These are issues of special concern to educators living in the era of the Professor Watchlist, an online site that catalogues faculty members deemed to “advance leftist propaganda in the classroom.” Although, there are currently no College of Charleston professors listed on the site, several South Carolina educators have been targeted. Two Clemson professors are mentioned on the site — one for reportedly traveling to Ferguson, Mo., multiple times to protest the non-indictment of the white police officer who shot Michael Brown” and the other for allegedly calling for the “shaming” of students who took part in a “Cripmas” celebration where they dressed as gang members.
In addition to this new threat hanging over their heads, professors must also contend with guiding students in a national environment where the very nature of fact is called into question. This is of special concern for part-time and non-tenured professors faced with presenting lessons and topics that may be considered controversial to some students and whose motivations may be questions due to their race, gender, or assumed political affiliation.
“We have noticed in the First Year Experience [an academic program designed to help integrate new students] incoming students — particularly this year, but also last year — are less equipped to hear ideas that they haven’t heard before and they are less equipped to be confronted about those ideas,” said Lynne Ford, professor and associate vice president for the Academic Experience, during Monday’s forum. “So we are looking at changing the synthesis seminar that goes along with that to add a module about how to become more accustomed to an intellectual conversation that takes place in classrooms where lots of ideas are explored.”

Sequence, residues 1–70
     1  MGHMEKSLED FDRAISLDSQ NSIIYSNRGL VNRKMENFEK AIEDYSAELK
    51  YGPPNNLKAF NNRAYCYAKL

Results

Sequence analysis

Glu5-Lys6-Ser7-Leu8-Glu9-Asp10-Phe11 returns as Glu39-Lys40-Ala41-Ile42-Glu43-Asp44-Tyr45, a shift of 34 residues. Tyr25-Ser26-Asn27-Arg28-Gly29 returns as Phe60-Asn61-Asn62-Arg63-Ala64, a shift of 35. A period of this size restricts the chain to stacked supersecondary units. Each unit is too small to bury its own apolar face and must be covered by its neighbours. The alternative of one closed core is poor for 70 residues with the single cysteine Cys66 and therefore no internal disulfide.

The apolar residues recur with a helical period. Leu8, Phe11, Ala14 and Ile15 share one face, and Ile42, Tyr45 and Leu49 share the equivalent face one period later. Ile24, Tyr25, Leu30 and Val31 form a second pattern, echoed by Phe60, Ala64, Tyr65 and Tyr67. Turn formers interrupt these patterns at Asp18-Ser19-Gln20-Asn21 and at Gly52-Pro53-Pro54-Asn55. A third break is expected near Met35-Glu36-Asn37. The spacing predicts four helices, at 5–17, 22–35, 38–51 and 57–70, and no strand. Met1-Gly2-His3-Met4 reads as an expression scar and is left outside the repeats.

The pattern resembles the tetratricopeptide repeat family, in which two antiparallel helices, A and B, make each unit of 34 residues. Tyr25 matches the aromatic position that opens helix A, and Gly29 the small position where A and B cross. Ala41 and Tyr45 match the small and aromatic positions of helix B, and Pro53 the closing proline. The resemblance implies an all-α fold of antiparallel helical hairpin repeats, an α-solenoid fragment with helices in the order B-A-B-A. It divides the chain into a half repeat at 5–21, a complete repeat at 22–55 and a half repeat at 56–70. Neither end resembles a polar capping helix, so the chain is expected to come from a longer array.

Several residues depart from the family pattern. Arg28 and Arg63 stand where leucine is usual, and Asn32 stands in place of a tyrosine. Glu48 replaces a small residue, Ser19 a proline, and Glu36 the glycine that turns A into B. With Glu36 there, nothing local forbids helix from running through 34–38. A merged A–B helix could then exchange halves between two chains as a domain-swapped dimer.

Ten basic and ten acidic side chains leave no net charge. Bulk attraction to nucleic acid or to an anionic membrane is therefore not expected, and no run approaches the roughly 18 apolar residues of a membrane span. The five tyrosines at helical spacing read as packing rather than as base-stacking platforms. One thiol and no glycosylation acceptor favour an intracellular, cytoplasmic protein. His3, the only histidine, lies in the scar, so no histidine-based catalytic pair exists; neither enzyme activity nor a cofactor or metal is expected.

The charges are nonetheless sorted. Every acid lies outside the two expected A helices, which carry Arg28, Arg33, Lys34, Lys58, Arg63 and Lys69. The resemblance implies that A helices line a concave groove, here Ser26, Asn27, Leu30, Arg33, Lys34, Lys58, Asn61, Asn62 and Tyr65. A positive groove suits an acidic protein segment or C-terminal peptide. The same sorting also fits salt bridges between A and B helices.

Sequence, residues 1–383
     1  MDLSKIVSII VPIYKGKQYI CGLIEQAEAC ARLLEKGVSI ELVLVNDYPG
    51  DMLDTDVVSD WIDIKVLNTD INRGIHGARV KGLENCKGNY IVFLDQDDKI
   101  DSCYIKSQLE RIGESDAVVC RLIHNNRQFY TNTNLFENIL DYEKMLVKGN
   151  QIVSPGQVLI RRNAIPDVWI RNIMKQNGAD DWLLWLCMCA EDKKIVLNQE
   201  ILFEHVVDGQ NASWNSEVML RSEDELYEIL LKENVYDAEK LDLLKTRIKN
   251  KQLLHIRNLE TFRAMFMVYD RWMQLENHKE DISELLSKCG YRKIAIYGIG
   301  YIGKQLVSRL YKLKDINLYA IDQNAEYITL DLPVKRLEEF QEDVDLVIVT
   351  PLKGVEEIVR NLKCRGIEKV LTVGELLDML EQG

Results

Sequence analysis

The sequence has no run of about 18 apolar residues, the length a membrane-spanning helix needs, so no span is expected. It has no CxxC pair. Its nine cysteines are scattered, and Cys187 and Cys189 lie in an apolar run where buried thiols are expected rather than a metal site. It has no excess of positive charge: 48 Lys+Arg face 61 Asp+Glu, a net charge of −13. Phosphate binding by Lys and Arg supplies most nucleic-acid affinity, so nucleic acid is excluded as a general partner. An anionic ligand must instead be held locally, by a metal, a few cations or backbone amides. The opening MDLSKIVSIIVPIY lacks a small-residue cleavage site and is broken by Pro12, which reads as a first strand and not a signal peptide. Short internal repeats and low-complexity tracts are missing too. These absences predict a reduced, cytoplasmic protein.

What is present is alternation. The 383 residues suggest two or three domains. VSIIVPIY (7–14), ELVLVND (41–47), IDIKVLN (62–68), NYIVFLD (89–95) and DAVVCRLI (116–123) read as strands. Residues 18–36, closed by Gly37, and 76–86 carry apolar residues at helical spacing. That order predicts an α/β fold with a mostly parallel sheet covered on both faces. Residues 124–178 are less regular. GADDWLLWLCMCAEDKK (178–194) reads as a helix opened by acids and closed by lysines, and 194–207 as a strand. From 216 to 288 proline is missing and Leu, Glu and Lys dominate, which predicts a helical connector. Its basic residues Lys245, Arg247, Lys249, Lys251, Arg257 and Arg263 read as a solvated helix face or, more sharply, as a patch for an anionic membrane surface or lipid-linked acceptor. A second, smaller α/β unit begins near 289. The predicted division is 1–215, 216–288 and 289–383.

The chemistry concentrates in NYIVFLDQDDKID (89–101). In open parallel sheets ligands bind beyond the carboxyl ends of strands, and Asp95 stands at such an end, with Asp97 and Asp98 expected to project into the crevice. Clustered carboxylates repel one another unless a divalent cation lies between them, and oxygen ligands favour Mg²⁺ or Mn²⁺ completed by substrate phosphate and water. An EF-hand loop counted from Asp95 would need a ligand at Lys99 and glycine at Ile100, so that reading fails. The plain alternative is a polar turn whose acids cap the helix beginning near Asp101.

Provost McGee said Monday that information obtained through the new online complaint system will not be used to evaluate junior faculty or discipline professors, but protecting academic freedom remains a topic of conversation amongst educators at the College of Charleston — many of whom find themselves torn between protecting themselves and fulfilling their responsibilities as an educator.
“It’s incumbent on us to have those difficult conversations with students and to help them find their path. In my experience, it has never been successful to try to tell someone what to think or what to do. That just doesn’t work. You have to sort of lay out the process by which they can reach the conclusions based on a shared understanding of history, literature, whatever,” said Ford. “That is the business we’re in. … We do out best to pull together all of the available evidence. It would be a shame if the only available evidence was students comments, because that’s really a satisfaction survey, not really an evaluation of the quality of your teaching. If you’re a high-quality teacher, you better have made somebody uncomfortable in your classroom.”